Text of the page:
The Hot Corner: Appreciating the unsung basketball coaches

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We live in a time when our everyday heroes are more important than ever, yet we take them for granted or even downplay their importance.

You know the list: Cops, clergy, paramedics, military, teachers, journalists.

Sorry. Had to throw the last one in there to see if you were still paying attention. The unsung, underappreciated folks I want to recognize are basketball coaches, and specifically those who do exceptional work within the borders of the Sun Journal’s tri-county coverage area.

You didn’t have to buy a ticket to every session of the recently completed regional tournament or digest each word of every story in the sports section to get the message that they were on top of their game.

I’m still keeping an eye on the scene that did so much to shape my own life and career, and the volume of success experienced by those local teams matches or exceeds anything I can remember.

Edward Little, boys’ and girls’ Class AA North champions. Monmouth, girls’ Class C South champions. Oxford Hills, girls’ regional finalists and boys’ semifinalists. Rangeley, girls’ regional finalists. Winthrop, boys’ regional finalists. Gray-New Gloucester, girls’ and boys’ semifinalists, the latter for the first time since I had a thick, dark mop on my head. Poland, girls’ semifinalists. Dirigo, boys’ semifinalists.

That list could go on and include other neighboring championship communities, including Greely, Lake Region, Freeport and Brunswick, where you’ll often find a yellow paper box or two. Listing all the hardware won and milestones reached would defeat the purpose, anyway. It’s the quality of the people greasing the wheels behind the scenes that are worthy of our attention.

Do you all realize how blessed that corner of the world is to have (deep breath) Mike Adams, Craig Jipson, Chris Cifelli, Nate Pelletier, Scott Graffam, Mike Andreasen, Ryan Deschenes, Scott Wing, Todd McArthur, Heidi Deery, Travis and Karen Magnusson, Paul True, Scott Bessey, Zach Keene, Tim Dolley, Tyler Tracy, Mike Hathaway, Tim Farrar, Lynn Girouard, etc., impacting the lives of your children?

The honest answer is probably yes, but not to the extent that their efforts deserve.

Thanks to some of the nation’s most restrictive regulations on coach/player contact, their influence is limited to about 10 weeks in the winter and five in the summer. With any luck, your child plays fall and spring sports and is guided by equally strong forces there. None of this is to diminish their impact. I’m simply striking while the iron is hot and the weather is cold and recognizing the leaders of an incredible winter campaign.

Of course, all of us — fans, parents, reporters, even the athletes themselves – are guilty of dwelling too much on the wins and losses. Had any of the names in that above paragraph gone 7-11 and lost in a preliminary game, their value to the fiber of a community wouldn’t change one scintilla. You’d be every bit as blessed to send a kid to their practice or classroom every day.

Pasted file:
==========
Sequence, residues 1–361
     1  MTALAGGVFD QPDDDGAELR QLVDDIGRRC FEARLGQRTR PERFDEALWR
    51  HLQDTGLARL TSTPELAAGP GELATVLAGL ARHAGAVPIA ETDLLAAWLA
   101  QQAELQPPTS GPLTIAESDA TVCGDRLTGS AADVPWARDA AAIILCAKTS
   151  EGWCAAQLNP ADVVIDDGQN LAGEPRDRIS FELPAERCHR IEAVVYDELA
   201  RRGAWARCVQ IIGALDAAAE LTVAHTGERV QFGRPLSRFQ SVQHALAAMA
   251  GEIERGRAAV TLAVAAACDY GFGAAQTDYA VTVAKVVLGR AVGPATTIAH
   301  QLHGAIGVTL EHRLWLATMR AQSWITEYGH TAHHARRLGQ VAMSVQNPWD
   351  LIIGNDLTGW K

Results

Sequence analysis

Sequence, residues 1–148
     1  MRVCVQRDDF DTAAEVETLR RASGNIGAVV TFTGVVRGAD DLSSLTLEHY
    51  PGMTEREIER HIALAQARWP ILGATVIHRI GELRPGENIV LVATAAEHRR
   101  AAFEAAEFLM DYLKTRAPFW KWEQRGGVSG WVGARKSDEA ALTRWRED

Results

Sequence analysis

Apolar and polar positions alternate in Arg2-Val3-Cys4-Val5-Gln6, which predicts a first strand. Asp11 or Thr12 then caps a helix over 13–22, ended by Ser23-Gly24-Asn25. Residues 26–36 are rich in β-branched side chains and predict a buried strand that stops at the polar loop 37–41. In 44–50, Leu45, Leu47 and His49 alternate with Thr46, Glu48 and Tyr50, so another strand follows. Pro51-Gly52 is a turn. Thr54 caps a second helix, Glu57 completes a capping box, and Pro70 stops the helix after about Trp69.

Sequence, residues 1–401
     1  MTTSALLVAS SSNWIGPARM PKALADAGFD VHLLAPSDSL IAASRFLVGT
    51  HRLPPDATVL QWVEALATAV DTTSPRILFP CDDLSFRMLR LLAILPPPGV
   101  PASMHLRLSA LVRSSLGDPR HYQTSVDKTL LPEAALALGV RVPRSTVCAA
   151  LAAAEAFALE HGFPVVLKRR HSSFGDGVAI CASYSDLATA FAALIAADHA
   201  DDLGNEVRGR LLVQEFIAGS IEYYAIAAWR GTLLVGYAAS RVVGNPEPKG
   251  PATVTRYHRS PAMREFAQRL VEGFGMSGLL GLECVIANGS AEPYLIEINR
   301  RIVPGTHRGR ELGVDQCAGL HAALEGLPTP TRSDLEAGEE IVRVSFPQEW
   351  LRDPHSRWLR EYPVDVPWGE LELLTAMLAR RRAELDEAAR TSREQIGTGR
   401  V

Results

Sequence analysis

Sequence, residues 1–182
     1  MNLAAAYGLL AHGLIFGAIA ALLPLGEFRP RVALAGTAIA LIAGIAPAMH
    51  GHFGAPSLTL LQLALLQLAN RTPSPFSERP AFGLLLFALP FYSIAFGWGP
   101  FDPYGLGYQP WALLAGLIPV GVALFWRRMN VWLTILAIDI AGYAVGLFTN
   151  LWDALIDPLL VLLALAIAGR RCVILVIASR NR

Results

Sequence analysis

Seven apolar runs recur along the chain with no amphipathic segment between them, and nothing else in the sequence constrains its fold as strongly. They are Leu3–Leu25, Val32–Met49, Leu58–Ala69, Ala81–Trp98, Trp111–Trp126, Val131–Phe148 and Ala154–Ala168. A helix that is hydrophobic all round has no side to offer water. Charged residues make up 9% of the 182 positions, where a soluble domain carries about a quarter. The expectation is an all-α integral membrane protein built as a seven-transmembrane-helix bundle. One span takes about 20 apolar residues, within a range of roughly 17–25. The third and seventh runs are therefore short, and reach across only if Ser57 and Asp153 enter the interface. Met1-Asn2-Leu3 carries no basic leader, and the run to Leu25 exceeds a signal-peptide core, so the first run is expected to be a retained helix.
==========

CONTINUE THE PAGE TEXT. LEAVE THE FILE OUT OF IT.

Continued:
In case you hadn’t noticed, our young people are starved for positive adult role models right now. They’re thirsting for direction and to have somebody validate their place in the universe. Those high school years are the most vulnerable years of life, anyhow, and they have never been more easily complicated by external circumstances.

Many kids are scared, hurting and confused. For some, those 90 minutes on the basketball court every day are the port in the storm. The influence your town’s head coach and his or her assistants make within that time window cannot be measured. So it has never been important for the person in that role to be someone who gets it.

You can’t go wrong with any of these teachers of life and hoops, but Adams, who is my contemporary even if he looks like he could still play 35 minutes in a college game, stands out as an example.

It seems impossible, but Adams has now been shaping young men’s lives and attitudes in Auburn for almost a full generation. He achieves loyalty, respect and accountability without using fear and intimidation. He wins and loses with equal dignity. And his players reflect it, both on the court and when they get to the real world, time after time.

Sports have become a target for people with the unenviable task of making budget cuts. They’re seen as frivolous compared to reading, writing and arithmetic. They’re starting to get the same treatment band, chorus, wood shop and home economics have received for years as we bow to this short-sighted get-a-four-year-degree-or-else mentality.

Lessons in the sports “classroom” have greater real-life application than much of the rote learning that goes in one ear and flies out the other. Sports provide a moral and ethical compass that so many kids (and heck, most adults) are lacking.

Sure, some kids come from great homes, and the contribution of their coaches is merely one piece in a wonderful puzzle. Others are floundering. For them, that coach is often the last line of defense before they’re sent into a world that’s ready to chew them up.

When they wind up graduating from college, teaching and coaching your grandchildren, fixing your car, doing your taxes or whatever great things await, just remember whom to thank.

I’ll start. Thank you, local basketball coaches. You made us proud last week, but your greatest championships are won elsewhere.

* Kalle Oakes was a 27-year veteran of the Sun Journal sports staff. He is now sports editor of the Georgetown (Kentucky) News-Graphic. Keep in touch with him by email at [email protected] or on Twitter @oaksie72.

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